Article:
Tuesday, 18 January 2011
I first discovered the art of Gary Chalk in the classic Lone Wolf gamebook Fire On The Water and was immediately smitten. He has a very unique style which is immediately recognisable and I believe what I really love about his art is that, despite the stylization and occasional less-than-perfect proportions, it has a strong element of verisimilitude. Chalk clearly thinks very hard about the small details and so the costume, architecture, heraldry and panoply of war are all excellent and create a strong impression that the world in which his art is set is a real place. They all work and can be believed in. It manages to be grounded in reality and still be a world of magic and impossible creatures.
It's telling that once he stopped illustrating Lone Wolf I lost all interest in the series. Replacement artist Brian Williams is pretty damn good (I loved his work on The Riddling Reaver and Trial of Champions for example) but he wasn't how I saw Magnamund, the world of Lone Wolf. It was clearly how Joe Dever saw Magnamund, Williams being his original choice to illustrate Flight From The Dark, but not for me. In fact, standing in WHSmiths Wolverhampton, armed with a birthday book voucher and primed to buy the next book in the series I couldn't and put The Cauldron of Fear back on the shelf and didn't buy another for about three years. Even now, I'd have loved to have seen how Chalk would have penned the illos for the later books.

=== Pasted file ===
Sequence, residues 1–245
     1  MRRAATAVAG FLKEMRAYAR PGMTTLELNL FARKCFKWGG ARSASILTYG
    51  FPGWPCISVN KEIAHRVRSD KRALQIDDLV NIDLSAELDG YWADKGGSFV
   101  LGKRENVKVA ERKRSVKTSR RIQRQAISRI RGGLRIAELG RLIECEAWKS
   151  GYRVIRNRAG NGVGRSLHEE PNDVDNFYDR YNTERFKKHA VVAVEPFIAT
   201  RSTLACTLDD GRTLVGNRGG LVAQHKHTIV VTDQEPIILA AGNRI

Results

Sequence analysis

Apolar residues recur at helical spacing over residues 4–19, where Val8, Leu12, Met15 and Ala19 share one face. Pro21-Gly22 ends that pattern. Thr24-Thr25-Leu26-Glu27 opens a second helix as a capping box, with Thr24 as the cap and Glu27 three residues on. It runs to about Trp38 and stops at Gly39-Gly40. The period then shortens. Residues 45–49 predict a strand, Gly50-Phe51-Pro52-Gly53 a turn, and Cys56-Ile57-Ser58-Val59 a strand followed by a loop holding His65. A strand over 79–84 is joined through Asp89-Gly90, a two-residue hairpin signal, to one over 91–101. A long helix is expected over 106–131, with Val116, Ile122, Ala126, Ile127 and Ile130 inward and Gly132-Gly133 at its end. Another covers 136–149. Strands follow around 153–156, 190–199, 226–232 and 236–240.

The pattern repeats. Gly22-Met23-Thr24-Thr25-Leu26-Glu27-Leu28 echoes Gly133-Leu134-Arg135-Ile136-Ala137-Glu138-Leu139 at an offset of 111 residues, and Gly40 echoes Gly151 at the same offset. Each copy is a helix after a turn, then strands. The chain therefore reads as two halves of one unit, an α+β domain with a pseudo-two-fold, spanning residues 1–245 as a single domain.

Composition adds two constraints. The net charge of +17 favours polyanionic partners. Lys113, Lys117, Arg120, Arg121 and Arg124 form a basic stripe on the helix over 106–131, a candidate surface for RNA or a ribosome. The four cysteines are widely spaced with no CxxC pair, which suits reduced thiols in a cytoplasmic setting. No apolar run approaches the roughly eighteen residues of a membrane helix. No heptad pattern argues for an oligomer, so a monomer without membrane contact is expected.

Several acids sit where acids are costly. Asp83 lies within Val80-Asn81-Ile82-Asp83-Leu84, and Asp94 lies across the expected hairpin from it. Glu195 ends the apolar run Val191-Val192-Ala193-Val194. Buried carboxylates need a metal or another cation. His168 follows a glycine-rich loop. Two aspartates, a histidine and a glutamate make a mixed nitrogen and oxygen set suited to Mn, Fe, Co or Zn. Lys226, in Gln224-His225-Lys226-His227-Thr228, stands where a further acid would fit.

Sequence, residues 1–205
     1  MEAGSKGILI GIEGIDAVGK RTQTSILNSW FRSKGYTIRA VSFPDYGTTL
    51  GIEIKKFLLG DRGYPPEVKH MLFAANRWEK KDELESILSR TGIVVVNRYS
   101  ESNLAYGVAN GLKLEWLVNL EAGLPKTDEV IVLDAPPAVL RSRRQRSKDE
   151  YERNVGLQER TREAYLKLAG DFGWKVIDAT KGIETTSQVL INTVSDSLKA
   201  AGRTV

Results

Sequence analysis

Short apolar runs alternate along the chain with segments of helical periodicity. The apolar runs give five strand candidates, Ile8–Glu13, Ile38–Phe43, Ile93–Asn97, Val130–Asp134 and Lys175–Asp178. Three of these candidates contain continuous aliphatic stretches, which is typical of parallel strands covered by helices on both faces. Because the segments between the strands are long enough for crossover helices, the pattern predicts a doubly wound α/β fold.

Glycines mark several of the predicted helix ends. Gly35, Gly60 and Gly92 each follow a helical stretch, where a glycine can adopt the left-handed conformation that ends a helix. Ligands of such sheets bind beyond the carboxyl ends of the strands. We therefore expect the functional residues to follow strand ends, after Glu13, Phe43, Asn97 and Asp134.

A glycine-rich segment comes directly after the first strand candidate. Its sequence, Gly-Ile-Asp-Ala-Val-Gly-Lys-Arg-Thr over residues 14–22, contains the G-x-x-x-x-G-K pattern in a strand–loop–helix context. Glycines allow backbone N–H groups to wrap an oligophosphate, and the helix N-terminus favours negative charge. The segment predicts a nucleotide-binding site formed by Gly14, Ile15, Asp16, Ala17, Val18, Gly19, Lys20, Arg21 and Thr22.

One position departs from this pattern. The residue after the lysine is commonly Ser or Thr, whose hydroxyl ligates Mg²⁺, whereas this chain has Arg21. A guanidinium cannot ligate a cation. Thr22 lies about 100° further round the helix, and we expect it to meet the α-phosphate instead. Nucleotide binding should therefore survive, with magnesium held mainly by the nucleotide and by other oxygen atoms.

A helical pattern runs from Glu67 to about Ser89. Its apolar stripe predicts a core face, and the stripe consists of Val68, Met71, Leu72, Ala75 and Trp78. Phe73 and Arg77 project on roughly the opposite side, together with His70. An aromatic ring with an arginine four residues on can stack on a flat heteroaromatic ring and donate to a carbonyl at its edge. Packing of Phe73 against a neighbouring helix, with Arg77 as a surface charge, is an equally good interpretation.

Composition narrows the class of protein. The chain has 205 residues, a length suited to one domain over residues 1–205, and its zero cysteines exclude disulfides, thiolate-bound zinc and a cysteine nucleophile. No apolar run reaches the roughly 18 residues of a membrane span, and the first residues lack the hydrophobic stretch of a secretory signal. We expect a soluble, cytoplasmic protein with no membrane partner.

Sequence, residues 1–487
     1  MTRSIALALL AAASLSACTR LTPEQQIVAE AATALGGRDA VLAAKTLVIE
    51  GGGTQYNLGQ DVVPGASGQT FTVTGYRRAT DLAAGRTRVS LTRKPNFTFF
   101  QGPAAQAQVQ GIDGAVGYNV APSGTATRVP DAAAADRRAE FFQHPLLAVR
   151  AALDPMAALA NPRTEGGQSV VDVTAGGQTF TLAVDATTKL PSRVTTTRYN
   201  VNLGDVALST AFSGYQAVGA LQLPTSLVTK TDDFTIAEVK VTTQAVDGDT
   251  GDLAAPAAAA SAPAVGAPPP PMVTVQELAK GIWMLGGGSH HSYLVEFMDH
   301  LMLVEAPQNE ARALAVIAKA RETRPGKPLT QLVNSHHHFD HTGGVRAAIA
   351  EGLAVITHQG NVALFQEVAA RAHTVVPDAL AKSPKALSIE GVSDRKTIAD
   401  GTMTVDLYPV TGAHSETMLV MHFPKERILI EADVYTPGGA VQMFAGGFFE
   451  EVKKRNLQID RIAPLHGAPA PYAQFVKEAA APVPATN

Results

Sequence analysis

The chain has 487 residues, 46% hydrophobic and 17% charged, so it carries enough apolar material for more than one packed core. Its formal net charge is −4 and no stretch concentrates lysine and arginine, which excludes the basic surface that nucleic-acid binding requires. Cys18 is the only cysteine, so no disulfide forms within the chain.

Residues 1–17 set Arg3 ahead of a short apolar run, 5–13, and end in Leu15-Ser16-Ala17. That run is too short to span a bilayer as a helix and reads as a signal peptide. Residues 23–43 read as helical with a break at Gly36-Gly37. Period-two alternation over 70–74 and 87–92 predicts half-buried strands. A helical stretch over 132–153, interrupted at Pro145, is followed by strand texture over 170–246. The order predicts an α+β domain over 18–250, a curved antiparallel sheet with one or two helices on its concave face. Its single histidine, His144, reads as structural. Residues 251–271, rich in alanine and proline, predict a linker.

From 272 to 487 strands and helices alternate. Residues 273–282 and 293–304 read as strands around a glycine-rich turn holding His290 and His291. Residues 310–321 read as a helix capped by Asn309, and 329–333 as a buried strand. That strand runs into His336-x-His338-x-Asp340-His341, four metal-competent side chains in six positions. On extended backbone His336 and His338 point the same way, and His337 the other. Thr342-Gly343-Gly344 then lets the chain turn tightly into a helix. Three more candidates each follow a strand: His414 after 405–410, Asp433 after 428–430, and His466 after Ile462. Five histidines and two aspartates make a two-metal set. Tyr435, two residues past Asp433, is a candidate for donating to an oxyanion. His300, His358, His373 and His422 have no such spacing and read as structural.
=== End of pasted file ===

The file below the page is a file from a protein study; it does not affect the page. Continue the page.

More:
I've long suspected that Chalk was a influence upon the WFRP world (which I distinguish from the Warhammer Battle world as they were never quite the same place, being tweaked for their individual games) becoming a Renaissance culture and not merely a late medieval one. He did a lot of illustrations in early Dwarf (such as the classic AD&D Irillian campaign) and the original version of Talisman all in his style of slightly later costume and accoutrements than the usual cod-middle ages that everyone else except Blanche was doing.
Like Russ Nicholson's work there is a large chunk of the gaming section of my brain that is firmly wedded to the idea that RPGs Look Like This.